All at once he was jumping up and down. “Oh sure, Hank, that would be just fine! I don’t know much about dancing but I can sure learn.”

“All right. The main thing is, you have to follow orders and address me as ‘Your Lordship.’”

“Sure. I can do that, Hank.”

“Your Lordship.”

“Oh, you can just call me Drover, I don’t mind, just plain old Drover.”

“That’s what I said, you cretin.”

“Oh. I thought you called me Your Lordship.”

“No, that’s what you call ME.”

“I thought I called you Hank.”

“You did, you nincompoop, but you’re supposed to address me as Your Lordship.”

“My Lordship?”

“No, YOUR Lordship!”

“That’s what I said. I thought that’s what I said. What did I say?”


“Right before you said what you said.”

“What did I say?”

“You called me a cretin. What’s a cretin?”

“Who cares what a cretin is?”

“Not me, I can tell you that.”

“Then quit asking stupid questions! You’re my valet and … by the way, what was that stuff you said about dancing?”

“Me? I didn’t say anything about dancing.”

“You did say something about dancing. Don’t deny it.”

“Okay, I won’t deny it.”

I waited. “Well? Why did you bring up dancing?”

“Who me? I didn’t … oh yeah, maybe I did, I sure did, but I don’t think I ought to tell you.”

“Tell me, and be quick about it.”

“Oh rats. Okay. Well Hank …”

“Your Lordship.”

“Just call me Drover.”


“Well … I want to be your valet but I don’t know much about dancing.”

I studied the runt for a long time, searching for signs of intelligent life. I didn’t find any. “All right, Drover, I give up. Tell me what being a valet has to do with dancing.”

“I don’t know. I’ve just heard about valet dancing …”

“Drover,” I moved closer and looked deeply into his eyes, “is this a pathetic attempt to be funny? Are you trying to make jokes or are you merely wasting my valuable time?”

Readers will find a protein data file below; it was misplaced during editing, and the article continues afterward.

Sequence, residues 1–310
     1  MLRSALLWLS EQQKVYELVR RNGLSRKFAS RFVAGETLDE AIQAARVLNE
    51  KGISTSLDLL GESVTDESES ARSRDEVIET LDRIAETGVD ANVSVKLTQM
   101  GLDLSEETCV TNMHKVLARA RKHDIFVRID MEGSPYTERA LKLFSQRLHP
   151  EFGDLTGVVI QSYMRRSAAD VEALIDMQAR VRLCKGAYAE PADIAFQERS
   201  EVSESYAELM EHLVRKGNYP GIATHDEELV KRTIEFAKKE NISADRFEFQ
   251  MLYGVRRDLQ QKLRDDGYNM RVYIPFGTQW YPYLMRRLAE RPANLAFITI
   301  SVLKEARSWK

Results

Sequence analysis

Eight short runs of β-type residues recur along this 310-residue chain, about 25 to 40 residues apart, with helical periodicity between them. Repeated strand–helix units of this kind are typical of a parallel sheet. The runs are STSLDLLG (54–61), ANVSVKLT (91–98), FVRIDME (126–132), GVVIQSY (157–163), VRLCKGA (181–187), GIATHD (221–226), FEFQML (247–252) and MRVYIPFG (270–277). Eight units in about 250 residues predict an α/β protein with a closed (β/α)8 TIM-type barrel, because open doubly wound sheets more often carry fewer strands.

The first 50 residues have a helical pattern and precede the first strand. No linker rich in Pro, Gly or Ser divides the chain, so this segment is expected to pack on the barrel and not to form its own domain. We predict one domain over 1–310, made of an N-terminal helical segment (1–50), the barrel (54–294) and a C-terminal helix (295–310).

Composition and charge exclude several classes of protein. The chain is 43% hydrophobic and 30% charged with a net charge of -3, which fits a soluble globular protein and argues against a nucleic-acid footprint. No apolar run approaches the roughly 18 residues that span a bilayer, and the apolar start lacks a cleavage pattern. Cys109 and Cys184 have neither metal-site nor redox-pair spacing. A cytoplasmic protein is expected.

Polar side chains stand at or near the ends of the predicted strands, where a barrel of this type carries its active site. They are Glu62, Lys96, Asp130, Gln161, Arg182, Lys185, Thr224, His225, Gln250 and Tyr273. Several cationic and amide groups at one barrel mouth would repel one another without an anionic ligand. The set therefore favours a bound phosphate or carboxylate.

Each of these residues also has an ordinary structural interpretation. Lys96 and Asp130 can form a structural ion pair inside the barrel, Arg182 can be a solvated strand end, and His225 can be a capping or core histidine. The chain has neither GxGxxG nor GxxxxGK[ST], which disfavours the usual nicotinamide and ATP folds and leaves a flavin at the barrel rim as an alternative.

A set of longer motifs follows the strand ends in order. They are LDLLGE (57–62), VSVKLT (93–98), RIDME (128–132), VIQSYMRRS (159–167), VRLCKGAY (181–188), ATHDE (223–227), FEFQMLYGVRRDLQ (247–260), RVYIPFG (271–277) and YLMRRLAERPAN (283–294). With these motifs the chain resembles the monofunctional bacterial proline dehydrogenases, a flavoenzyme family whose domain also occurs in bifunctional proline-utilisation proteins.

“Which would you rather?”

Suddenly I felt exhausted, as though I had been walking for ten days through quicksand. “Never mind. Pick up my Priceless Corncob and let’s get out of here.”

He did, and we moved out, heading north toward the caprock. “Now, one last time, Drover, do you understand your job?”

“I han’t halk wuff wis horn hob ing eye outh.”

“No thanks, not until we reach our destination, but I appreciate your job?”

“I han’t halk wuff wis horn hob ing eye outh, you unce.”

“Very good. At last we understand one another. Communication, Drover, that’s what this life is all about.” [pg. 96-100]

I flew out of the pickup like an arrow on its way to the target, hit the ground running, and went into what we call the Pre-Gather Barkeration Mode. Behind the complex technical language lies a simple truth, which is that a lot of times you can accomplish your primary objective with a stern barking.” [pg. 63]


One of the benefits Hank mentions of being rich is having “the women falling all over you”. [pg. 32]

Hank has an interview with Missy Coyote in which he falls all over himself out of love for her and sings her a romantic song called ‘My Heart Goes Wild for You’.

‘Gosh’, ‘derned’, ‘gee’, ‘shuckins’, ‘heck’, ‘shucks’, ‘son of a gun’, ‘dadgum’, ‘holy cats’, ‘darn’, ‘danged’, and ‘holy smokes’ are used frequently. Some name-calling is indulged in, but no vulgarity.

Conclusion. I, as a young adult, enjoy reading Hank the Cowdog. I find it offers me perspective and relaxation when I’m stressed, and, because of my age, I am able to enjoy the humor and leave the silliness behind. However, I do not believe that young readers will be able to read Hank the Cowdog without being encouraged in silliness and sarcasm. For this reason, I do not recommend Hank the Cowdog for young readers, while reserving the right to enjoy it myself.

Note: This is of a review of The Curse of the Incredible Priceless Corncob, not the entire Hank the Cowdog series. Click here to read more Hank reviews.

Review © 2013 Laura Verret